With that said, while it can be extremely helpful to do your own research to learn more about what your loved one is going through, that does not mean that you should use that information to offer suggestions about what they should try next. Very likely, they have tried everything you can think of and more, and they are just looking for love and support. They have a team of doctors, and they are not looking for medical recommendations from their friends and family. While you might think your advice and ideas come from a positive, helpful place, they usually have the opposite effect. Instead, just let your loved ones know that you are there for them and that you are sorry for everything they are dealing with.

These are just a few tips for how to support someone going through infertility, but there is so much more to it. In my new book, called “How to Help Friends and Family Through Infertility,” I try to educate people on the realities of infertility and help them understand what to say and what to do so they feel better equipped to offer support to their friends or family members who are going through it.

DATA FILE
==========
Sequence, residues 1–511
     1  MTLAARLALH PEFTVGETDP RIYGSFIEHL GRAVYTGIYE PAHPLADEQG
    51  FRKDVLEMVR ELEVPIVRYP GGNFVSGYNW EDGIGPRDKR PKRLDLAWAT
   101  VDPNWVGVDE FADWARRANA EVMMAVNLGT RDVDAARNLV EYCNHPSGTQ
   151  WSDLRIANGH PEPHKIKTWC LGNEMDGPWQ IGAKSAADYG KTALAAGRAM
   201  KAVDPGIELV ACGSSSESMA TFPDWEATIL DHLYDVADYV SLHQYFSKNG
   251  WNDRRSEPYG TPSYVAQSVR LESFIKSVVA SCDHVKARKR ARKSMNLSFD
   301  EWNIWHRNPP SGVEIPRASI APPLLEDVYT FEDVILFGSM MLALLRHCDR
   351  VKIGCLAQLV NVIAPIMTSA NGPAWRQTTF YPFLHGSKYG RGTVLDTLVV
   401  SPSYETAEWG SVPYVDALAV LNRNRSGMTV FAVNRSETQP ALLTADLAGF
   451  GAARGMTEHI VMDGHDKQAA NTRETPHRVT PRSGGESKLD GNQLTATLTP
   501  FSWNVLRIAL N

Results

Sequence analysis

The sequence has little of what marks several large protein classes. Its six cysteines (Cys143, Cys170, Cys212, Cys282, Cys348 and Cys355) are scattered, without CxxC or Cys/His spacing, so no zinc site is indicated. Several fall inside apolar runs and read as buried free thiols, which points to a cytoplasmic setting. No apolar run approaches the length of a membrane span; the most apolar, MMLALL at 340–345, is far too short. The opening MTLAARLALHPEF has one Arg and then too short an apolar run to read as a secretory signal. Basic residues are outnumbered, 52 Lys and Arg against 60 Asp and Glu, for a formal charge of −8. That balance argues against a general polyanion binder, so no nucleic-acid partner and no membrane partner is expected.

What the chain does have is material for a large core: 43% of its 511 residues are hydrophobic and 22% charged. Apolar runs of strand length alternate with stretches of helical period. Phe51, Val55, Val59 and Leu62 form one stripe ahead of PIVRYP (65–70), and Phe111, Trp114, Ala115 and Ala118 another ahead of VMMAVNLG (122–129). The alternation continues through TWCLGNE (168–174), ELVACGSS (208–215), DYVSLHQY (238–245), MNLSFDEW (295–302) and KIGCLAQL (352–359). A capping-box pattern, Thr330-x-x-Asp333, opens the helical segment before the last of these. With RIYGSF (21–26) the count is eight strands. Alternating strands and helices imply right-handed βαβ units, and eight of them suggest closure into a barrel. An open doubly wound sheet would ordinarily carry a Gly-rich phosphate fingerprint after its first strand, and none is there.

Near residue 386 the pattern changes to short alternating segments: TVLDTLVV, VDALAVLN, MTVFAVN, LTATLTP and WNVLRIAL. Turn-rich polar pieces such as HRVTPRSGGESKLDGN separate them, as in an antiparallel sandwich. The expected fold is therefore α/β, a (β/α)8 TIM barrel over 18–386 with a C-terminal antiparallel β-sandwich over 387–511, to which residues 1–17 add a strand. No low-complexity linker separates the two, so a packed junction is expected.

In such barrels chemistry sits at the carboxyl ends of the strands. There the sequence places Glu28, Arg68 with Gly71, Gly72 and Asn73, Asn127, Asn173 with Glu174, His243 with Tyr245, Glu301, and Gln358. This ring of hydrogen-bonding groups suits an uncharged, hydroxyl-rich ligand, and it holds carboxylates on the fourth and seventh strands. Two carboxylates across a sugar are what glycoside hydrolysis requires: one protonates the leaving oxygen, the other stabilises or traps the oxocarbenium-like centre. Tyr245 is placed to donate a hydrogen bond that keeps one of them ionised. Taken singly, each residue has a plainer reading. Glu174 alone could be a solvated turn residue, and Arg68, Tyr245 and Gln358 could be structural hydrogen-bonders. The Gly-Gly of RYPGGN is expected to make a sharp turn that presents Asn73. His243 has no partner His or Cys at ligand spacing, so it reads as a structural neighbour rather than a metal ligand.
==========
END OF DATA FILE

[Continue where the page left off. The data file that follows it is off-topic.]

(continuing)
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Chapters include "What Not To Say," "Triggering Words,” and "How to Share Pregnancy News,” and there is even a full chapter on doing research! By just opening this book, you already getting a great head start on supporting your friend, family member, or loved one through one of the most difficult times of their lives.

Remember, it’s okay if you have accidentally said the wrong thing in the past; you are human. But once you realize that there is a better way to offer support to someone who is struggling, it is great to learn how so that you can feel like you are helping as much as you can, and so your loved one feels as comforted as possible on their fertility journey.

Alex Kornswiet shares her journey through infertility, pregnancy loss, surrogacy, and motherhood on Instagram at @ourbeautifulsurprise. You can find her book, “How to Help Friends and Family Through Infertility” on Amazon.